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NHLBI Clinical Research Network Program

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The National Heart, Lung, and Blood Institute (NHLBI) established Clinical Research Networks in 1993 to address clinical topics of significant public health concern. The Networks were designed for clinical research questions requiring multiple centers to secure sufficient patients and for circumstances where multiple clinical research questions can be studied concurrently over a defined funding period. The Networks provide a flexible, collaborative framework that enables multiple therapeutic studies and trials to be conducted with relative speed and efficiency when well-trained clinical investigative teams are prepared to work closely with the NHLBI in a joint effort.

A Network is a group of Clinical Centers (CC) and a data coordinating center (DCC) cooperating to undertake collaborative clinical studies with the NHLBI. Currently, NHLBI funds the following Networks:

Networks may be solicited through a grant (RFA) or contract process (RFP) and undergo formal peer review by the NHLBI. Networks are administered and funded through either Cooperative Agreements (U01/U10), or research contracts (N01), depending on funds available. The decision to add Networks is made on the basis of scientific need and budget considerations.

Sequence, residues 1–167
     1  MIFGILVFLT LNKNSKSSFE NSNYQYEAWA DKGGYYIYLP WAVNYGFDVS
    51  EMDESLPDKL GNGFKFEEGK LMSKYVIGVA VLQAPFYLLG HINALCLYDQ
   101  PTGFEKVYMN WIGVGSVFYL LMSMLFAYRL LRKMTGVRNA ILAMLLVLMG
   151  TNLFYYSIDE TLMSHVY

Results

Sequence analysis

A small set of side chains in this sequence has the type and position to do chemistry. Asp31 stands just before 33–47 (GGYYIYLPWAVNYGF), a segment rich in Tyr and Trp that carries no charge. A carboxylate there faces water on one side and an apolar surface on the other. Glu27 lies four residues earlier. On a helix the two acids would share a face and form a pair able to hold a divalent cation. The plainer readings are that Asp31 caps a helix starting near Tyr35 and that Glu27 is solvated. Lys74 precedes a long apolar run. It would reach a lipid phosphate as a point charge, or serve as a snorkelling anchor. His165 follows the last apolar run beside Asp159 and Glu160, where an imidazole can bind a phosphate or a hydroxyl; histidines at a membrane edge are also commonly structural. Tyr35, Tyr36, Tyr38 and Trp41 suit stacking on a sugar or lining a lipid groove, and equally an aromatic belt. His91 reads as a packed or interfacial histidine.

There are various structural models for Networks at NHLBI. The types of clinical questions, the disease under study, budget and the experiences of the scientific staff may dictate the configuration of a Network. The main components of a Network are discussed below; however each Network at NHLBI may be organized differently.

Steering Committee (SC)

The main governing body of a Network is the Steering Committee, which includes the Principal Investigators of the CCs and the DCC; one or more Chairpersons who may be chosen by the NHLBI or the Steering Committee; and a representative from the NHLBI Project Office.

The Steering Committee is responsible for prioritizing clinical research topics, developing protocols, facilitating and monitoring the conduct of the research, and reporting study results in a timely manner. The Steering Committee conducts its business through several annual meetings and regularly scheduled conference calls. Other Network investigators and study coordinators also participate in these meetings. These meetings and other Network activities are one of the ways in which Networks foster the development of junior members of the clinical investigative team.